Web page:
In Minnesota, all employers must purchase workers’ compensation insurance or become self-insured. Injured workers should determine whether their employers are self-insured, because these workers may face different obstacles in getting the benefits to which they are entitled.
Self-Insured Means No Third Party Insurance Company
Self-insured employers do not use a third party insurance company to provide coverage for workers’ compensation claims. Instead, they get approval from the state of Minnesota to insure themselves against worker injuries. They pay for claims directly out of company money.
For injured workers, a self-insured employer could be a blessing or a curse. These employers may not have any experience handling the claims of injured workers, may not be prepared to process and pay for medical bills, and may not be familiar with the laws on wage loss benefits. The unfamiliarity could benefit employees by leading to fewer disputes, or it could hurt employees who are also unfamiliar with the system.
In addition, self-insured employers have a conflict of interest when administering workers’ compensation claims. They have to help injured employees by paying medical bills and wage loss benefits, but they need to keep costs low. Higher workers’ compensation costs directly affect companies’ cash flow and income, hurting their bottom line. As a result, companies have an incentive to deny coverage and benefits, even more so than insurance companies.
Self-Insured Means the Employer Has Some Financial Security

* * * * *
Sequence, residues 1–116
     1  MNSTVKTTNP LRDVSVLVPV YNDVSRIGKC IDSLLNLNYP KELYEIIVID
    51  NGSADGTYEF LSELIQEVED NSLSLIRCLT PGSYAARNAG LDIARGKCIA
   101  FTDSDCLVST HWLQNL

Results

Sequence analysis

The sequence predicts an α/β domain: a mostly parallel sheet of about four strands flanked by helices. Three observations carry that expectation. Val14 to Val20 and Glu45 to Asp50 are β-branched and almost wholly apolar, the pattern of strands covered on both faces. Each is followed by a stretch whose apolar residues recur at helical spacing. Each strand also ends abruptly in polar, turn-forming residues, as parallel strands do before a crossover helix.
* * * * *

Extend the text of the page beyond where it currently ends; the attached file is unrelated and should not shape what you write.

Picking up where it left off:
Employers cannot argue that their self-insured status means they cannot afford to pay benefits to injured workers. For one, to be self-insured the employer must show the state that it meets certain financial requirements by submitting financial statements, evidence of net worth, a large money deposit for a bond, and more. As a result, self-insured employers tend to be larger companies.
For employees, these strict financial requirements mean that self-insured employers will be able to pay out workers’ compensation claims, even if they initially deny benefits to keep the money in their pockets. Instead of going through an insurance representative, a self-insured company should designate employees or a Workers’ Compensation Service Company as the representatives. Injured employees should inquire about how to contact these people to submit medical bills.
Due to the inherent conflict of interest self-insured employers have in administering workers’ compensation claims for their employees, injured workers may have some concerns about receiving appropriate benefits. If you find out your employer is self-insured, seek legal advice from a Minnesota workers’ compensation attorney.
Need help getting workers’ compensation for your injury? Joe Osterbauer, Esq. and the Osterbauer Law Firm stand up for injured Minnesota workers’ rights. Joe’s 27 years of workers’ compensation experience and his team’s speedy service combine to get clients the results they need. To schedule a free consultation, visit Osterbauer Law Firm online or call Joe’s office at (612) 334-3434.